Williams sees big benefits from her overseas contributions.
“(Sopron) has been a great fit for me, and really helped me get my confidence up,” Williams says, “(and) learn properly how to play 2-3 since, you know, I’m playing two positions (in Hungary) versus four. It’s giving me a chance to really focus on what I want to get good at. And I have gotten in better shape.”
All of this bodes well for the Sky’s chances in the 2021 WNBA season. Williams is eager to bring her improvements back to Chicago and the revamped Sky, where — courtesy of a blockbuster free agency signing — she’ll be playing alongside Candace Parker. With the future Hall of Famer and former champion on their side, Williams is excited for the Sky’s chances in the 2021 WNBA title chase.
Muscling into the mainstream
“Why do these things have to be gendered?” Williams asks. “I mean, it’s a car. It takes you from one place to another. What does this have to do with your gender?”
And how does it happen that a car whose first buyer was a woman, a school teacher named Gail Brown, come to be known as “the working man’s Thunderbird”? Historical patriarchy: a system, along with racism, that Williams, a graduate of the University of Connecticut and the fourth-overall pick in the 2018 WNBA Draft, understands well.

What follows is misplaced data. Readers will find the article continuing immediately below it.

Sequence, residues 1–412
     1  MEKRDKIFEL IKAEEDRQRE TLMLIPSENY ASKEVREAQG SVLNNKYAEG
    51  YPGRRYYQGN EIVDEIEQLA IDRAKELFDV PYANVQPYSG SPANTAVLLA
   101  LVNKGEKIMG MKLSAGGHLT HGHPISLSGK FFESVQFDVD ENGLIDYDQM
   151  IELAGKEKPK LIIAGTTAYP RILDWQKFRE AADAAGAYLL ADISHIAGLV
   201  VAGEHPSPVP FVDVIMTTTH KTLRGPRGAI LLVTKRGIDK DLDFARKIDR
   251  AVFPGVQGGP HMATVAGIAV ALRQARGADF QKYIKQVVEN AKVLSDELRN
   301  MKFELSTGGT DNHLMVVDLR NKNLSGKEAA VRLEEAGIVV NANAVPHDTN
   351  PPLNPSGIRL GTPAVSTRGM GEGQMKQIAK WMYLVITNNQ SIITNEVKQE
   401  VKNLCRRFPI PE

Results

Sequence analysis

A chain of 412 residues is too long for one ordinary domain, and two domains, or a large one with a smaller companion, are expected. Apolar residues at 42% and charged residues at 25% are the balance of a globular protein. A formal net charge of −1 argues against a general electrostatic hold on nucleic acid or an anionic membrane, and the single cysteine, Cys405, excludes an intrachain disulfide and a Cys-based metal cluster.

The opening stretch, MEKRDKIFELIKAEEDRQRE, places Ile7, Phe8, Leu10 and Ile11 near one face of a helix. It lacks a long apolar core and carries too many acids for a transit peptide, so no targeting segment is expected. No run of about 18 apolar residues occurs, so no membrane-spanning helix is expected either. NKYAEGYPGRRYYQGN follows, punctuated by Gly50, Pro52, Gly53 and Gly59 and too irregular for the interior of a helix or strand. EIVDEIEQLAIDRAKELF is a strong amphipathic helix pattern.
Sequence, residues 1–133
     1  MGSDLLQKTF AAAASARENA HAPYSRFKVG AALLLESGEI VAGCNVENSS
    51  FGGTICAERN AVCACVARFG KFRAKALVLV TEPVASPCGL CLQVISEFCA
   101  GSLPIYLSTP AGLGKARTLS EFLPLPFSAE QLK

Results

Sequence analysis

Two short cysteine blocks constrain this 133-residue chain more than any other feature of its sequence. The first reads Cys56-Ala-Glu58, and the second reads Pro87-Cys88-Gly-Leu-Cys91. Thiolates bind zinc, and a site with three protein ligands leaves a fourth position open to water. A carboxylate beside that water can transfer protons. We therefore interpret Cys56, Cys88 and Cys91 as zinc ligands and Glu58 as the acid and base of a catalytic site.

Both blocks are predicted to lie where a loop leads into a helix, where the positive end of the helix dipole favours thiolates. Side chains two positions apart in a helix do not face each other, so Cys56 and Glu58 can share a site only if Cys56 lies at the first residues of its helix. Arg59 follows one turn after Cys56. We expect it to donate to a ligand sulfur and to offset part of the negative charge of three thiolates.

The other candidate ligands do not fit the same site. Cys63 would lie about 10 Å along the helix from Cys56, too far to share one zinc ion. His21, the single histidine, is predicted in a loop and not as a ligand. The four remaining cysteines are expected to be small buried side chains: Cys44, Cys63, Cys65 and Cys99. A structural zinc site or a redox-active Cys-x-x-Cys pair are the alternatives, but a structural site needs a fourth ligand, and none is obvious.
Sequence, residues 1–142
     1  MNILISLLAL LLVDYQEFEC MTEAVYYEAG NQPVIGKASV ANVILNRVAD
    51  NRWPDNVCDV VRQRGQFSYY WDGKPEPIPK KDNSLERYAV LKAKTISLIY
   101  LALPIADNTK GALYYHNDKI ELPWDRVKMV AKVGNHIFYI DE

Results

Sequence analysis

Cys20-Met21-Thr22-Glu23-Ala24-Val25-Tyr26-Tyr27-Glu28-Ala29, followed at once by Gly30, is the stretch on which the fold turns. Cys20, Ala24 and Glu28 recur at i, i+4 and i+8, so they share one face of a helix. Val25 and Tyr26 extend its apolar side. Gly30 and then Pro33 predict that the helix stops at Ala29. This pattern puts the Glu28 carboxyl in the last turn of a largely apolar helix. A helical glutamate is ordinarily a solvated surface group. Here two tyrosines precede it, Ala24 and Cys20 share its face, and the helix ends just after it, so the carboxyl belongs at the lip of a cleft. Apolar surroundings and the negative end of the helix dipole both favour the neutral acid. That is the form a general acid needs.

“Being a black female athlete means constantly facing discrimination and that is why I could not be more proud to do what I do everyday (sic),” her Instagram post states. “Not only do I get to compete for my team, but I get to compete for women everywhere trying to break through barriers in the male dominated world of sports.”
Years after the sideshows in Oakland, Williams no longer is on the outside watching men and the rare woman spin muscle cars. She is endorsing one, the Ford Mustang Mach-E, and through the affiliation helping to shatter norms that assign muscle cars and sports to men and the delicate, less sweaty things of life to women. Not only is Williams endorsing this Ford model, she — and the other WNBA players who have landed a slew of deals since the 2020 season of social justice — are exemplifying the power of Black women in particular.
Williams is joined in the Mustang Mach-E #ShowSomeMuscle campaign by Ayana Lage (blog curator/social justice advocate) and Misty Copeland (ballet dancer).